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Pregled bibliografske jedinice broj: 1024784

Croatians and the Global Catholic Network: The Case of Alojzije Stepinac in the Australian Context


Vesna Drapač; Ivan Hrstić
Croatians and the Global Catholic Network: The Case of Alojzije Stepinac in the Australian Context // Croatia and Croatians in past and present networks
Sydney, Australija, 2019. (predavanje, podatak o recenziji nije dostupan, neobjavljeni rad, znanstveni)


Naslov
Croatians and the Global Catholic Network: The Case of Alojzije Stepinac in the Australian Context

Autori
Vesna Drapač ; Ivan Hrstić

Vrsta, podvrsta i kategorija rada
Sažeci sa skupova, neobjavljeni rad, znanstveni

Skup
Croatia and Croatians in past and present networks

Mjesto i datum
Sydney, Australija, 19-21.9.2019

Vrsta sudjelovanja
Predavanje

Vrsta recenzije
Podatak o recenziji nije dostupan

Ključne riječi
Catholic Church, Australia, Stepinac, Croats, multiculturalism, cold war

Sažetak
This paper will argue that the Catholic Church was one of the key institutions facilitating Croatian associational life and Croatian identity formation in Australia after 1945. The post-war influx of European immigrants changed the face of Australian Catholicism. The Church welcomed new arrivals and acknowledged the identity of those who came from the ‘captive’ nations. The Church’s interest in Croatians was pastoral, but also political. Its primary role was to minister to Catholic immigrants and, where possible, to provide them with the opportunity to worship in their own language. Involvement in the life of the local Church provided Croats with refuge and an immediate sense of belonging: it gave them status and legitimacy as Croats rather than ‘Yugoslavs’. However, at the time of the Cold War, when European Catholics faced discrimination and persecution at the hands of various communist regimes, the Church was also at the forefront of the anti-communist movement. Membership of the global Church validated Croatian anti-communism and, by default, Croatian anti-Yugoslavism. We will illustrate our argument by focusing on Australian coverage of the plight of the Archbishop of Zagreb, Alojzije Stepinac (1898- 1960), at the time of his trial in 1946, his imprisonment and subsequent house arrest. Our case study is the state of South Australia where reporting in the Catholic paper, The Southern Cross, on Stepinac and Catholics in Yugoslavia was extensive. South Australia is also particularly interesting because the Archbishop of Adelaide, Matthew Beovich, the son of a Croatian immigrant, had a strong interest in the integration of newly arrived Catholics.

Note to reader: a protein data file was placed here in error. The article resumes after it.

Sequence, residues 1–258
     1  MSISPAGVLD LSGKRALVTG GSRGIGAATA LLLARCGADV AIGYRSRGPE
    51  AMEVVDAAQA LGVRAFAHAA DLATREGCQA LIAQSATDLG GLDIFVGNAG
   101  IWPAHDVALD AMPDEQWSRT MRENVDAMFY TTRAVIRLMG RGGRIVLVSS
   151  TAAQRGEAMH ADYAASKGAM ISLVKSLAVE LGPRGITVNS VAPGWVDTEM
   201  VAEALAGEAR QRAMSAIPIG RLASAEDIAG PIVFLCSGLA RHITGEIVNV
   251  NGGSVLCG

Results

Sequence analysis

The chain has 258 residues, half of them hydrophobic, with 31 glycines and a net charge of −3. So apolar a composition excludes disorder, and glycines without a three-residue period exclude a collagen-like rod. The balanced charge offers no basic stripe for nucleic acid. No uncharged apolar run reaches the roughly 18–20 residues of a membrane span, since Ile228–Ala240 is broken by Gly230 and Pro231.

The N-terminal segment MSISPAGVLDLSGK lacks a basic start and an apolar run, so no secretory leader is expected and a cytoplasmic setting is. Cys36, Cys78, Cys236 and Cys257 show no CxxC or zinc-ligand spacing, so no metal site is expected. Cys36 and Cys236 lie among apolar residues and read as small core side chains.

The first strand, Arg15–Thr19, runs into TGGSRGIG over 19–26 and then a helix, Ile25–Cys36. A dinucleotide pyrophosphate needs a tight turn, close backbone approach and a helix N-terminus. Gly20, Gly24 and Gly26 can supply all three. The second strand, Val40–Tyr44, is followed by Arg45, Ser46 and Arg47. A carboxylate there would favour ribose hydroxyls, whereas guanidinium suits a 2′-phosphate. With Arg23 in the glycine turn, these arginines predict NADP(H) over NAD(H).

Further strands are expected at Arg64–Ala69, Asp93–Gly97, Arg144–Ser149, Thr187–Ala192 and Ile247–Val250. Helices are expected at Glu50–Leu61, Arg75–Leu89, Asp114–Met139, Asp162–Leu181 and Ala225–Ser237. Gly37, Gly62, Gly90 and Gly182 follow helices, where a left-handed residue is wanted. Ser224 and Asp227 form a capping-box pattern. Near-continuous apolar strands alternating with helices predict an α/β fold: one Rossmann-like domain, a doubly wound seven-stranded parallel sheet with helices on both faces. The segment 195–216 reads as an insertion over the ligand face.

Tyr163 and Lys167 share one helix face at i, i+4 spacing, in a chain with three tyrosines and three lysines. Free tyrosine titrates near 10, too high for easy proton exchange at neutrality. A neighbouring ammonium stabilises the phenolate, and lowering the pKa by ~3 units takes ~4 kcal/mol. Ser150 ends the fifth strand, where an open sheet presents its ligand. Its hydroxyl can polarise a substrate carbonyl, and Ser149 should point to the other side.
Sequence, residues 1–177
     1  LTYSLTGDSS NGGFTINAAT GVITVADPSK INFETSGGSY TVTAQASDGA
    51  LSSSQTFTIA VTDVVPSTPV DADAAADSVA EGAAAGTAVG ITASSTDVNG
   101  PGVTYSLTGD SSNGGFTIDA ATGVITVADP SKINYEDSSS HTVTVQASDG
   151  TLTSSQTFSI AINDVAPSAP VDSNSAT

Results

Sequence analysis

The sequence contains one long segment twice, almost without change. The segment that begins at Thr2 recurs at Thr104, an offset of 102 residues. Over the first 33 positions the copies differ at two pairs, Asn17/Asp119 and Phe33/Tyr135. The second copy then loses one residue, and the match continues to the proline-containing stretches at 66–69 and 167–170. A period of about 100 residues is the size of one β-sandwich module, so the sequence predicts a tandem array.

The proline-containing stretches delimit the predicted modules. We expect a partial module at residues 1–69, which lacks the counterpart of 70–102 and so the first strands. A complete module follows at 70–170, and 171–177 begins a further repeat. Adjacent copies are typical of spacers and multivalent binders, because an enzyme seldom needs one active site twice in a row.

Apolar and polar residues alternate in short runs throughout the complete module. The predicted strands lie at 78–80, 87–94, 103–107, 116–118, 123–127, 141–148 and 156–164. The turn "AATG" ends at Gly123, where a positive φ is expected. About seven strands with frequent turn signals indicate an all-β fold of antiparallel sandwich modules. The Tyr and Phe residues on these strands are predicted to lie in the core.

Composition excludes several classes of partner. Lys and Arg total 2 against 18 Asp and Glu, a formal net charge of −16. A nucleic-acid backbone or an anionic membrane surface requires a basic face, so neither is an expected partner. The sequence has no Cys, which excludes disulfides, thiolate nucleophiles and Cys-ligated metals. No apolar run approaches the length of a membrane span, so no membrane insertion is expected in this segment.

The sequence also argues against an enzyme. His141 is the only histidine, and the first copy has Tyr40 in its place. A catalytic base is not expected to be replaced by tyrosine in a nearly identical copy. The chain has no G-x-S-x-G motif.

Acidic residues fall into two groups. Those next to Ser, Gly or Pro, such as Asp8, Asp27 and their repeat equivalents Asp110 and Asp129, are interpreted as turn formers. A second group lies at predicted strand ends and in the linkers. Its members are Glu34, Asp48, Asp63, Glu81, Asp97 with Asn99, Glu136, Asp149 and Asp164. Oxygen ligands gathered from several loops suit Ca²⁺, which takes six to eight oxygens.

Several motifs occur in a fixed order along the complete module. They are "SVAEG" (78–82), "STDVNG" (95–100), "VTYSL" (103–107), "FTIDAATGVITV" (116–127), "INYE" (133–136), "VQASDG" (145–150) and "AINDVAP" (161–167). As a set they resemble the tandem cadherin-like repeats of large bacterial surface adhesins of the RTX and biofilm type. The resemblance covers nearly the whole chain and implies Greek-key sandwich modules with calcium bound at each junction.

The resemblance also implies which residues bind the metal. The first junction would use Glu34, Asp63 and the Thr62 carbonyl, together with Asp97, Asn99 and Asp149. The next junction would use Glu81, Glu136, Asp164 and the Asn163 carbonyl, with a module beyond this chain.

Izvorni jezik
Engleski

Znanstvena područja
Povijest



POVEZANOST RADA


Ustanove
Institut društvenih znanosti Ivo Pilar, Zagreb

Autor s matičnim brojem:
Ivan Hrstić, (302503)